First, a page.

You know, there’s a kind of genre I don’t quite get why people like it: The puzzle platformer. I’ve tried playing some of the ones so highly recommended to me, only to leave with frustration and disappointment. A lot of puzzle platformers get me so frustrated that it soured the overall experience for me. But there’s one I played recently that got me rethinking my outlook on this genre, transgender memes notwithstanding.
Celeste. The puzzle platformer from EXOK Games that came out on 2018 that has become a transgender allegory in recent years, due to some of the plot relating a lot to trans folk. Lead designer Maddy Thorson realizing her own trans journey through the game after the release probably helped a bit too. We always need more queer game designers, after all.
I’m not gonna get too much into the non-gameplay elements here. The art style’s cool by using pixel art in a way that’s unique without feeling too much like deliberate retro bait, Lena Raine’s soundtrack is tense yet touching at the right moments (and I never got to play any of the B-sides which also sound like a bunch of bangers), and the story is rather touching and something I can relate to as someone who struggles through life. But I wanna talk about this game further cementing my belief on puzzle platformers.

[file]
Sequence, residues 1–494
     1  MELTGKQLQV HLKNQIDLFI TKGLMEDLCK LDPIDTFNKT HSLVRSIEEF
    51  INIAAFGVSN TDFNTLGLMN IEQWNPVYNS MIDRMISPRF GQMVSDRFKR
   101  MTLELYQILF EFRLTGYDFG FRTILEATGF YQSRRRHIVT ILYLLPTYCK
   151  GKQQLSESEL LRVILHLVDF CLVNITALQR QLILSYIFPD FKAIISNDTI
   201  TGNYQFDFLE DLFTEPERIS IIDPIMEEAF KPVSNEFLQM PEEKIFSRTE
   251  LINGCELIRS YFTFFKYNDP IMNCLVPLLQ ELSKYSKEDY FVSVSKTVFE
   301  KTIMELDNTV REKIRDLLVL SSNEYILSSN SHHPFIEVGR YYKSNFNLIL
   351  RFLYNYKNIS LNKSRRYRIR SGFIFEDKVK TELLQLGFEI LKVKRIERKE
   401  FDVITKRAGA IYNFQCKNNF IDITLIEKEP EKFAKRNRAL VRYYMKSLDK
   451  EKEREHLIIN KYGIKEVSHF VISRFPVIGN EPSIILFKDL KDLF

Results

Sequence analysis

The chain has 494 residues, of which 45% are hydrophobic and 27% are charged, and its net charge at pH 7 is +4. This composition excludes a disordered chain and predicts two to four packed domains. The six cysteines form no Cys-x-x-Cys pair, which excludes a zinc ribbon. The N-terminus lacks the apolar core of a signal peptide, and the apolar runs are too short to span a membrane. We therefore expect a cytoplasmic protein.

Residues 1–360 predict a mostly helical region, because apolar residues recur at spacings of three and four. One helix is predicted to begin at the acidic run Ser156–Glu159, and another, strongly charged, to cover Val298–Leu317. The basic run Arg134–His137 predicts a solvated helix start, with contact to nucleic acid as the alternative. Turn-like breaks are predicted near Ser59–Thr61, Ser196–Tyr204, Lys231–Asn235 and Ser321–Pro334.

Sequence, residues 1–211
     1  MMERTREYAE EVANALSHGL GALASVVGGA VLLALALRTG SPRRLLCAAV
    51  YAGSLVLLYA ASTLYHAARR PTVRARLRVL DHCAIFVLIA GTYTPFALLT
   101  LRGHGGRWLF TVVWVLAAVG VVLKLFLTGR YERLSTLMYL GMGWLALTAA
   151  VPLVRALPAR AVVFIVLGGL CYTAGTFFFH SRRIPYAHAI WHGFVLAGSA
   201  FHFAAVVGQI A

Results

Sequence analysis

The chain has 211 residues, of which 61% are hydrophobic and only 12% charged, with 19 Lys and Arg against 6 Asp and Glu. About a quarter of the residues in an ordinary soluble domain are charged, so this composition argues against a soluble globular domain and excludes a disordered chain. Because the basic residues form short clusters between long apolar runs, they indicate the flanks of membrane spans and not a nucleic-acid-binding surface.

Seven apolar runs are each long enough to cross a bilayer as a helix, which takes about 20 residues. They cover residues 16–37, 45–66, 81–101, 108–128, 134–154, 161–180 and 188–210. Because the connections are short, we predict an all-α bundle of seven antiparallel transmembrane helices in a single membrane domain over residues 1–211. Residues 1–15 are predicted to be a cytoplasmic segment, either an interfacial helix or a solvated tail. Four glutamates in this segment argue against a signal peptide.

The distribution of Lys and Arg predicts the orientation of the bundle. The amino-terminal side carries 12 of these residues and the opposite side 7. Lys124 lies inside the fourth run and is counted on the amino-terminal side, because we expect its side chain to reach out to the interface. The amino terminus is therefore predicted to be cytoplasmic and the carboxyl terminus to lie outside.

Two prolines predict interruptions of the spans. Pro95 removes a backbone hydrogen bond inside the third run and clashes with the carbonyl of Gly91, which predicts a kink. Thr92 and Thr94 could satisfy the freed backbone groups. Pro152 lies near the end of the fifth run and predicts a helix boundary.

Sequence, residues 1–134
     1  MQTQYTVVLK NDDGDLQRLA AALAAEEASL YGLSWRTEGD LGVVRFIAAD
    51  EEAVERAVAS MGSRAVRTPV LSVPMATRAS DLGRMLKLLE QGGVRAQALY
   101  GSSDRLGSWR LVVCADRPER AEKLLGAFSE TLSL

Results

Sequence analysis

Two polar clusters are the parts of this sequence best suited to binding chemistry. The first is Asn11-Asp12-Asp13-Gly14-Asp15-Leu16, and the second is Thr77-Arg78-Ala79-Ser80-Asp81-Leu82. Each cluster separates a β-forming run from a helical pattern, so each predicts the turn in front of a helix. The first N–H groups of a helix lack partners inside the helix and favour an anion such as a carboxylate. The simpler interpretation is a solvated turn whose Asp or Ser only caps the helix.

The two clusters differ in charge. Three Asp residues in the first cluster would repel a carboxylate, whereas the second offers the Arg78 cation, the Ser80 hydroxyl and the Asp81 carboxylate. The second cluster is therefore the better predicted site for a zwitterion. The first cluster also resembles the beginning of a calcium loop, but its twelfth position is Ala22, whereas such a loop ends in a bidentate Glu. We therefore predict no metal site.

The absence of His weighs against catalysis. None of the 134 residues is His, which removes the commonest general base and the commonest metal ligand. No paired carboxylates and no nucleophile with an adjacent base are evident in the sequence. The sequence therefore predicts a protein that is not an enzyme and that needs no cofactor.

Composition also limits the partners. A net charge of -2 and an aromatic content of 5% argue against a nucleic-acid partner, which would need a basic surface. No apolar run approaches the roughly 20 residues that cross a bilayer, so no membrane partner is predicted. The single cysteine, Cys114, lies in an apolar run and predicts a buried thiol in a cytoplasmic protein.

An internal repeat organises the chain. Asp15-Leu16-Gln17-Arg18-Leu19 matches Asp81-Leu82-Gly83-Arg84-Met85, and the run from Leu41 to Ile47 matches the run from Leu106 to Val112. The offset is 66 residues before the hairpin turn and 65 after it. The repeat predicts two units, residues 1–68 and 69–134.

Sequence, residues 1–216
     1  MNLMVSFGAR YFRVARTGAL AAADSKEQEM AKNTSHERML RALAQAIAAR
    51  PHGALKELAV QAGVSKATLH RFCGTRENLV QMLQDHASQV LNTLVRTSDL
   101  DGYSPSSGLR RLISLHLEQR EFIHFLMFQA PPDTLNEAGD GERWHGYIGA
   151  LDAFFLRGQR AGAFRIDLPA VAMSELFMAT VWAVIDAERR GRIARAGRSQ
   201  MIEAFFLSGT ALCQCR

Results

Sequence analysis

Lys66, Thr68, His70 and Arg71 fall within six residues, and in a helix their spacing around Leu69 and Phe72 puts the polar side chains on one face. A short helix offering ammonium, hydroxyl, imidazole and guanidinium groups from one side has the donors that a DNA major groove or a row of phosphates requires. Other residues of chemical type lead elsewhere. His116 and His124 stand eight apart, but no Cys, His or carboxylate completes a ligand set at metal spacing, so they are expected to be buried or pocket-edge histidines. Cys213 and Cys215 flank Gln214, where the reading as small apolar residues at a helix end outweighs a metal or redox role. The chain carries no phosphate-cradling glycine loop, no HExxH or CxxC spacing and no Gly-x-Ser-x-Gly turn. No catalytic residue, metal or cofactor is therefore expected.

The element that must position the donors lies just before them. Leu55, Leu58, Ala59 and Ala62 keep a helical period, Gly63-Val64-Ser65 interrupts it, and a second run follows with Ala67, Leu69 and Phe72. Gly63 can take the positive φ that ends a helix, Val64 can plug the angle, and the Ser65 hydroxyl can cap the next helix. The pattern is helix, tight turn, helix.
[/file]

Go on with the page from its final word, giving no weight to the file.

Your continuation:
When I mention I get frustrated by these kind of games, I’m not kidding. When I think about some of the action/puzzle platformers I played for the blog last year, like Hell Yeah! Wrath of the Dead Rabbit and Blood of the Werewolf, I leave those games with frustration and anger. How one mistake will usually result in death, with little chance to redeem yourself. Some parts of these games are so malicious to the player that requires so much perfect timing that I’m surprised I haven’t thrown my controller into my computer screen after some of the bullshit I had to go through to beat it.
But it doesn’t just apply to those mostly-forgotten niche platformers. It applies to the more popular ones as well. For example, I never finished the critically acclaimed VVVVVV. The gravity-shifting puzzle platformer with a pseudo-DOS art style and catchy chiptune music was an absolute chore to play at spots. A lot of hazards and pixel-perfect precision to make it across made it maddeningly to play, so much so that I only got about halfway through it before giving up on it.